The relationship between halo size and intraocular light scatter in normal healthy subjects

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Abstract

Purpose

To determine the relationship between the size of a halo in the visual field induced by bright light and the intraocular light scatter in normal healthy eyes.

Methods

Measurements were made in the right eyes of 66 healthy subjects (mean age 33 ± 9 years). Using the Vision monitor, optotypes of low luminance (1 cd/m2) were presented at a distance of 2.5 m. The visual angle subtended by the radius of the halo was calculated in minutes of arc (arc min). Retinal straylight was measured with the compensation comparison technique. Best-corrected distance visual acuity (BCVA) was evaluated with logMAR Bailey-Lovie letter charts.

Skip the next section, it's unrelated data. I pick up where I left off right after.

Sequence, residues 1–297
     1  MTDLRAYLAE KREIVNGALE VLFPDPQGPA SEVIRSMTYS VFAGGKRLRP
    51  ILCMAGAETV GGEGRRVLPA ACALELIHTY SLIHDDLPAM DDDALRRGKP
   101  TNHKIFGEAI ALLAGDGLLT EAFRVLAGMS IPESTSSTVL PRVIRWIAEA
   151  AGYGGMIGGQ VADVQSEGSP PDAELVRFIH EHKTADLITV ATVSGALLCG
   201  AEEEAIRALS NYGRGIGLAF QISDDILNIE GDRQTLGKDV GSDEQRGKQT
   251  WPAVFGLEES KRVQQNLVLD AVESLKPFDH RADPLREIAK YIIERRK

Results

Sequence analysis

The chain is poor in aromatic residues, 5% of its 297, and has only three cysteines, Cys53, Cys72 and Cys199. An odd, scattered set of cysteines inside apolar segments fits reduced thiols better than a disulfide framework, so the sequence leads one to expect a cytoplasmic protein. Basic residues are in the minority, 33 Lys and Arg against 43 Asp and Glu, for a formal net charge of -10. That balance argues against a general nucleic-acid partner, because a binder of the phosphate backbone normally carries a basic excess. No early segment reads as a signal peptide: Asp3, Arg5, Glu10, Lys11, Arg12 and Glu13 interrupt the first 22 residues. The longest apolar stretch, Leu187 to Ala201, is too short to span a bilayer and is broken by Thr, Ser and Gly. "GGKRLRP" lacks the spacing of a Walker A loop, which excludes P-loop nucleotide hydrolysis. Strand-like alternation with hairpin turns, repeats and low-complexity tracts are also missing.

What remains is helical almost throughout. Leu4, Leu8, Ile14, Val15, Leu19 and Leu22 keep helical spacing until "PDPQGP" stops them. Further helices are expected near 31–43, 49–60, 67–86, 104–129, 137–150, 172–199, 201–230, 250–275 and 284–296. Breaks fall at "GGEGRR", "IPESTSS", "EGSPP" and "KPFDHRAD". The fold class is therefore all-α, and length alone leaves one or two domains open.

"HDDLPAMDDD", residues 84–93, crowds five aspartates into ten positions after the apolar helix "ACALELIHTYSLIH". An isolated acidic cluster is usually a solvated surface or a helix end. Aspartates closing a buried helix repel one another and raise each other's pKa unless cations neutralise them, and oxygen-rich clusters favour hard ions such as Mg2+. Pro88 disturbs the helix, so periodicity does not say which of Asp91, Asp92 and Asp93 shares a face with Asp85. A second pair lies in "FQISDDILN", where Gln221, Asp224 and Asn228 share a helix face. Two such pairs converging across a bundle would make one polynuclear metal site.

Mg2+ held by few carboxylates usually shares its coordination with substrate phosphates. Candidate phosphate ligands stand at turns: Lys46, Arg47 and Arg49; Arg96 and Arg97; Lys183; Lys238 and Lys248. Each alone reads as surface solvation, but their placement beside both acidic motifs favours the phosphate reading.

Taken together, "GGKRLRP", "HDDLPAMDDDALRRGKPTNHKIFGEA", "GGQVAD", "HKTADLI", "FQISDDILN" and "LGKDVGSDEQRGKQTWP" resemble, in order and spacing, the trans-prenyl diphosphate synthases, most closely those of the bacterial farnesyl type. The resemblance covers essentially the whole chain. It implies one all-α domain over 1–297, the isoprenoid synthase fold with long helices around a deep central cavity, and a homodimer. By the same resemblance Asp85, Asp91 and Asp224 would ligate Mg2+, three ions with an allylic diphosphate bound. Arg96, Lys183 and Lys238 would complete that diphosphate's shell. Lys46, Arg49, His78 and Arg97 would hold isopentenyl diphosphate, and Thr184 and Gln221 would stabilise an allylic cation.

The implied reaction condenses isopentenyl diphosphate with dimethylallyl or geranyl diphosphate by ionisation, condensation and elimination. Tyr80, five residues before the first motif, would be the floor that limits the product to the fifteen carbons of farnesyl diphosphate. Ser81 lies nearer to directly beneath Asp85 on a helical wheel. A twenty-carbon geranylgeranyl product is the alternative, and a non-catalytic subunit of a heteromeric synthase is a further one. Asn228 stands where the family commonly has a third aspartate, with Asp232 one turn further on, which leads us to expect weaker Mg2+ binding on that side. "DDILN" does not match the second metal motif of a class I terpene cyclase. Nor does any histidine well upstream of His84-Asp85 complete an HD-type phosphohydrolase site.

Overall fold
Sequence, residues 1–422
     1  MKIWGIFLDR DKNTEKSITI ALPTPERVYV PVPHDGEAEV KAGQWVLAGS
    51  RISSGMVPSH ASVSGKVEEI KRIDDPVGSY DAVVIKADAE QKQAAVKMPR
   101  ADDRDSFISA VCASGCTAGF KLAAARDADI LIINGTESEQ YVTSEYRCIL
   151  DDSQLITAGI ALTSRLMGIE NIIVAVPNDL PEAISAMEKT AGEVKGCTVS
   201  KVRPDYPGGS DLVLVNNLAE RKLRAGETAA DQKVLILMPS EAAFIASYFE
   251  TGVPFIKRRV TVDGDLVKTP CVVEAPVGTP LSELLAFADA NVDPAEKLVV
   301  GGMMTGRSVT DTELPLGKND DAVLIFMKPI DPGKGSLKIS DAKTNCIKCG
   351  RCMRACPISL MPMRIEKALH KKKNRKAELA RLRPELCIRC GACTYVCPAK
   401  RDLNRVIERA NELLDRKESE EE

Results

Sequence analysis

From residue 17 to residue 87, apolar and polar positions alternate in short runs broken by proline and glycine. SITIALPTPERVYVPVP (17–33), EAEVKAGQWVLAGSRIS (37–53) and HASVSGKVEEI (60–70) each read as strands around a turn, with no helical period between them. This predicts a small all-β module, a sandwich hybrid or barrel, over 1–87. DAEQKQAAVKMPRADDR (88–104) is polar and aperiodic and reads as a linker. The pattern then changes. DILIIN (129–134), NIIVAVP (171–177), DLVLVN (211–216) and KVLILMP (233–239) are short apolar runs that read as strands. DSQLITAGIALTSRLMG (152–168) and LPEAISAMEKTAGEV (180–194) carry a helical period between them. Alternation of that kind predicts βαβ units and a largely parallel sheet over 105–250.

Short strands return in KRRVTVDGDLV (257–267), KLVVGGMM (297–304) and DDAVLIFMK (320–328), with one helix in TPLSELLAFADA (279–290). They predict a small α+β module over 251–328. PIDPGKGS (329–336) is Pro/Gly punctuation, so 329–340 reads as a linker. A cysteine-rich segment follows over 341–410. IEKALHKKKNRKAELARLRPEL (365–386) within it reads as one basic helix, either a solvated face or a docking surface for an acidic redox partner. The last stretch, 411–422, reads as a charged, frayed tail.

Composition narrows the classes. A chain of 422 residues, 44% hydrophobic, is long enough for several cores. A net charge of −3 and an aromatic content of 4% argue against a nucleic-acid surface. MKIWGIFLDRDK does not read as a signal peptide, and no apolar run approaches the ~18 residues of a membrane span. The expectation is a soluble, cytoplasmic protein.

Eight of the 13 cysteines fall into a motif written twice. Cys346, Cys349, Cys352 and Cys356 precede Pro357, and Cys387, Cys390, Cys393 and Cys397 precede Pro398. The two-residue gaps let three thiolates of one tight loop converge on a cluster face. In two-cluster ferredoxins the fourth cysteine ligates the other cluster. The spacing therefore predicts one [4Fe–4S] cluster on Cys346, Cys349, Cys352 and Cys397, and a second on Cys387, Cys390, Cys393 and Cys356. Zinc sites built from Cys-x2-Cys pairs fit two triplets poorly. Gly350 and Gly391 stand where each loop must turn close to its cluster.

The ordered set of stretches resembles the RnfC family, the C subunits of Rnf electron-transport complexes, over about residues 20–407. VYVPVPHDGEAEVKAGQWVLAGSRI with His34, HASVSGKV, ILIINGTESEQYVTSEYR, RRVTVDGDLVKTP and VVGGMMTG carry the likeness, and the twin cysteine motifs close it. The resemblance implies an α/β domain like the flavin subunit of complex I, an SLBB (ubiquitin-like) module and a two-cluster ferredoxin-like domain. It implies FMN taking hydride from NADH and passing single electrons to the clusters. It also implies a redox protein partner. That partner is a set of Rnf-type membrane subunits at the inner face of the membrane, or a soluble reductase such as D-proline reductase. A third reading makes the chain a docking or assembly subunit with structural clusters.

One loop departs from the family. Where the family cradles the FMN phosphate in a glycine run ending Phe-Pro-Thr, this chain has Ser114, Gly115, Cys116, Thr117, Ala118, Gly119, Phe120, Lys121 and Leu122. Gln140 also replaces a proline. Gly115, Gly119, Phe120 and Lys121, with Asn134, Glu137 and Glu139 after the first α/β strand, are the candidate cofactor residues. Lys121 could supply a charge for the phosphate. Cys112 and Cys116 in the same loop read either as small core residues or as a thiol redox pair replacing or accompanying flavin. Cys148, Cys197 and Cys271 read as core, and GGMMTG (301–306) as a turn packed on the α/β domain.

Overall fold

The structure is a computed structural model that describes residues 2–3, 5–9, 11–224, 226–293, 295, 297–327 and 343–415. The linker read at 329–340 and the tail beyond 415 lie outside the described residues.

Results

The mean radius of the halo was 199.3 ± 45.6 arc min, mean retinal straylight was 0.98 ± 0.13 log units and mean BCVA was -0.02 ± 0.07 logMAR. There was a significant positive correlation between halo radius and straylight (r = 0.32, p < 0.01) and between halo radius and BCVA (r = 0.36, p < 0.01). However, no significant relationship was found between retinal straylight and BCVA.

Conclusion

Higher intraocular light scatter levels were related to larger halo size in healthy human eyes.

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